get your $1.8M into
your account within 15hrs.

Here is the payment information through western union money transfer only,
finally my advice to you is not to abandon this transaction because of the
requirement of ($49) send the fee through western union or money gram.

Receivers name:Prince Egbo
Location address:Cotonou Benin Republic
Text Question: When
Answer: Today
Amount required: $49

Sender’s Name:
MTCN Number#:
Sender’s address:

Sender’s full banking details to avoid wrong transfer:
NAME AND ADDRESS OF BANK:
ACCOUNT NAME:
ACCOUNT NO:

As soon as the payment is received today, you will receive your $1.8M the same
today without any delay.

Yours Faithfully,
Mrs Vivian Douglas
Email:@gmail.com
+22961129879

I’ve deleted most of the mail addresses just to keep from running afoul or WordPress policy – again.

This is interesting in many ways. First, despite her assertion she’s been sending me these emails for a while, that is not so, otherwise I would have written of it before. Second, although she is talking about a “prince” in Benin, the email was sent from an Italian (.it) website and the response is to go to a gmail address.

A few more red flags: The addressee has been left blank, as has the “attn” line. If you don’t know my name, why are you contacting me with this offer? And learn to use the correct word. It should be “lose” not “loose”.

Then there’s the information they ask for. What the hell is an “MTCN” number?

Sorry to burst your bubble, but if you are foolish enough to actually send the forty-nine bucks and the information, you’ll have lost not only the $49, but probably everything else in your bank account. If you receive this email, or anything similar, delete it. Answering it will not result in you becoming a millionaire.

Since it’s Friday, enjoy your weekend and remember to hug an artist – we need love too.

Cat.

Notes on a phishing expedition

I found the following in my gmail spam this morning and it easily lends itself to explaining some of the telltales it is a scam and/or phishing expedition. I’ve put the areas I wish to discuss in boldface for you.

CONTACT HSBC BANK FOR YOUR BANK TRANSFER UPDATE

Mr. Stanley Clarke @gmail.com>

01:48 (9 hours ago)

to

HSBC Regional Bank FL (HSBC Regional Bank)
Avenue Cotonou , BP 988 Cotonou Benin Republic.
Telex :5211 F B COTONOU BENIN REPUBLIC .
Tel::+22968579277
From the desk of, Mr. Stanley Clarke ,
Director Payment Department. Hsbc Bank
of West African(HSBC Regional Bank)
Instant compensation Payment valued at US$7,500.000.00 usd

It is my modest obligation to write you this letter as regards the authorization of your owed payment through our most respected financial institution (HSBC Regional Bank). I am Mr. Stanley Clarke , the chief executive officer, foreign operations department HSBC Regional Bank, the British government in conjunction with U.S government, united nations organization on foreign payment matters has empowered my bank after much consultation and consideration to handle all foreign payments and release them to their appropriate beneficiaries.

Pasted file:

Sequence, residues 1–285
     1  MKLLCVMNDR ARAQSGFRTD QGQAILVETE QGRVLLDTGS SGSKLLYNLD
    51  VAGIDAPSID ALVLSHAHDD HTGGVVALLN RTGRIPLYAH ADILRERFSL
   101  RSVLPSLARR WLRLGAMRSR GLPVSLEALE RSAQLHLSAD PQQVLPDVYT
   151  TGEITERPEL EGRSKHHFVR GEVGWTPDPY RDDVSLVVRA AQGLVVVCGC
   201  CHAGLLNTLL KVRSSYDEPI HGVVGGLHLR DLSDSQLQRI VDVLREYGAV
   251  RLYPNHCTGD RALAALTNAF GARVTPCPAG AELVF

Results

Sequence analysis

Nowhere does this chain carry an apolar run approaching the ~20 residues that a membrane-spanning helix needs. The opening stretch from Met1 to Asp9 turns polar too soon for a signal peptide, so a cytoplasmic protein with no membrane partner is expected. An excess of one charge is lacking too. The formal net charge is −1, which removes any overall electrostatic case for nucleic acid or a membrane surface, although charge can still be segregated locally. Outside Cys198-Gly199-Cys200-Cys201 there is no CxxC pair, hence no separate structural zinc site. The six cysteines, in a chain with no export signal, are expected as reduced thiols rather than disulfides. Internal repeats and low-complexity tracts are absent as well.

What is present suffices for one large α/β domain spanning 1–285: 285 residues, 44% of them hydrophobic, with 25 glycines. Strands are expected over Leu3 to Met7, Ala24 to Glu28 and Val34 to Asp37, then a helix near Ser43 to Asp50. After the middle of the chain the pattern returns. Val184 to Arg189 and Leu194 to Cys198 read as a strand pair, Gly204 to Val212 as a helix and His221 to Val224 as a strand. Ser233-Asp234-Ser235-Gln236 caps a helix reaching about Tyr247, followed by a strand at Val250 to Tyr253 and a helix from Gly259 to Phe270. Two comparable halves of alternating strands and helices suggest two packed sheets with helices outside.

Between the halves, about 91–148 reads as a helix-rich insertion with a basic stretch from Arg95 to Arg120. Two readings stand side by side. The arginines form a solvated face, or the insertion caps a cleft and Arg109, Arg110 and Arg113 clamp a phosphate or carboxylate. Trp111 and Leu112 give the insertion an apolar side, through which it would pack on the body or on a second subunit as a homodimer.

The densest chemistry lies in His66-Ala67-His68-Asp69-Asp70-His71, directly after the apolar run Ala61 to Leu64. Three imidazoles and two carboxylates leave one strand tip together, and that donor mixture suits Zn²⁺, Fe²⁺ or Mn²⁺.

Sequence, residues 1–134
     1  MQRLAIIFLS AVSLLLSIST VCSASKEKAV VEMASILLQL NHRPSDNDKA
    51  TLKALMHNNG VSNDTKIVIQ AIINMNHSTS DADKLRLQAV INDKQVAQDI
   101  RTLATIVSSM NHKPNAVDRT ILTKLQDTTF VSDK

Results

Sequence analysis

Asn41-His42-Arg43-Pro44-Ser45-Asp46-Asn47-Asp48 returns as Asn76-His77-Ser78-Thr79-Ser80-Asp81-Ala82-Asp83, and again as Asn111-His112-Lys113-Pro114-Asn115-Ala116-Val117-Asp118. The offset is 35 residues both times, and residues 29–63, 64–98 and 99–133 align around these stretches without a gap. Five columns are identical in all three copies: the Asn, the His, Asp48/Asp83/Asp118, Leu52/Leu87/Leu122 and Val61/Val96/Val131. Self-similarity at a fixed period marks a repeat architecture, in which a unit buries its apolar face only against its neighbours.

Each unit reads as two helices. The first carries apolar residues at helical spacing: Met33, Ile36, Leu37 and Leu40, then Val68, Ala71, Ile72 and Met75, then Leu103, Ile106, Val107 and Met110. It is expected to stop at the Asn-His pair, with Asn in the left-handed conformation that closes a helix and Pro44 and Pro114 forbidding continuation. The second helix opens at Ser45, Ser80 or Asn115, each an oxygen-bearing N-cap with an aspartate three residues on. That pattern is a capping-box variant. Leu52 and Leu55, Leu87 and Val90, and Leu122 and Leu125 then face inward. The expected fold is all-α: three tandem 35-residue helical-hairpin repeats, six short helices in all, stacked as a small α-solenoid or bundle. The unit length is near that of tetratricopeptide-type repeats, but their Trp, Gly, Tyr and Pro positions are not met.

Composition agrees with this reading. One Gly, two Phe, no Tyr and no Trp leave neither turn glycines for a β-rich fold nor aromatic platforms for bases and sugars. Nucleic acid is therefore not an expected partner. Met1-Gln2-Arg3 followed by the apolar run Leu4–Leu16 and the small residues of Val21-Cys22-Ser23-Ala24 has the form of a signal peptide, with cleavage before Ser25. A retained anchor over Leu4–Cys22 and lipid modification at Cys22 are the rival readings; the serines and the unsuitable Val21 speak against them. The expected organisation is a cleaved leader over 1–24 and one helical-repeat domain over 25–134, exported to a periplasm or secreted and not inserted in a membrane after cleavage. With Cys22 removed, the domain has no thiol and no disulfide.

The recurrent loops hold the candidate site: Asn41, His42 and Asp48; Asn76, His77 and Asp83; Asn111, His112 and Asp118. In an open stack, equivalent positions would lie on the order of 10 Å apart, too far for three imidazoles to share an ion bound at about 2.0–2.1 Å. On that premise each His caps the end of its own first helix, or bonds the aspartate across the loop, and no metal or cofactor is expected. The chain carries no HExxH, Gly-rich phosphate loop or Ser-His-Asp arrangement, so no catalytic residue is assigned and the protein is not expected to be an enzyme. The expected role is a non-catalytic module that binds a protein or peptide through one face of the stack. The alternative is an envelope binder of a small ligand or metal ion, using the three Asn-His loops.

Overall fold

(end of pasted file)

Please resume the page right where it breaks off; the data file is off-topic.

Having received these vital payment numbers, you are instantly qualified to receive and confirm your payment with us within the next 48hrs.

Be well informed that we have verified your payment file as directed to us and your name is next on the list of our outstanding fund beneficiaries to receive their payment before the end of this first term of the year 2015. Be advised that because of too many funds beneficiaries due for payment at this first quarter of the year, you are entitled to receive the sum of Seven million Five hundred thousand United State dollars (7,500.000.00 us dollars only) as part payment of your fund.
So you are therefore advise to re-confirm the following Information for immediate payment processing.

1) Your full name:…..
2) Your full address:….
3) Your contact telephone and Fax:…..
4) Your profession:…….
5) Any valid form of your identification/driven license:…

As soon as we receive the above mentioned information, your payment will be processed and released to you without any further delay. Be also informed that You are not allowed to communicate with any other person(s) or office so as to avoid conflict of information, you are required to provide the above information for your transfer to take place through HSBC Regional Bank to your personal bank account.

We look forward to serving you better.

Yours sincerely.

First, I doubt strongly a firm with the global reach of HSBC would be using a gmail address. Email would probably come from their own site. Incidentally, I deleted the sender’s name which was shown as “johnsonmarkso99″ because I’ve had a problem with WordPress not liking too many email addresses in blogs – they take it as spam and shut you down.

Next, Benin Republic. Benin seems to have become the new Nigeria for this type of scam. I’ve also received similar messages from Burkina Faso among others.

Another clue this is a shotgun style scam is that it isn’t addressed to anyone in particular.

US$7,500,000 is a nice amount to offer. Not too large as to seem suspicious, yet not small enough to make people ignore it. However, the way they showed the amount “US$7,500,000.00 usd” is not the way a legitimate banking operation would show any dollar figure.

Dummy, you forgot to change the year to 2016. If you did indeed mean “the year 2015″, you’ve been very lax in performing you duties in advising me.

Now that they’ve dangled the bait in the form of seven-and-a-half mill, they set the hook. Notice the information they ask for, especially the inclusion of a copy of some form of identification. If you were foolish enough to actually send them the requested information, you can not only kiss the 7.5 good-bye, but you’ve given them sufficient information to steal your identity. But of course since you’re one of my followers or readers, you have the smarts not to fall for this.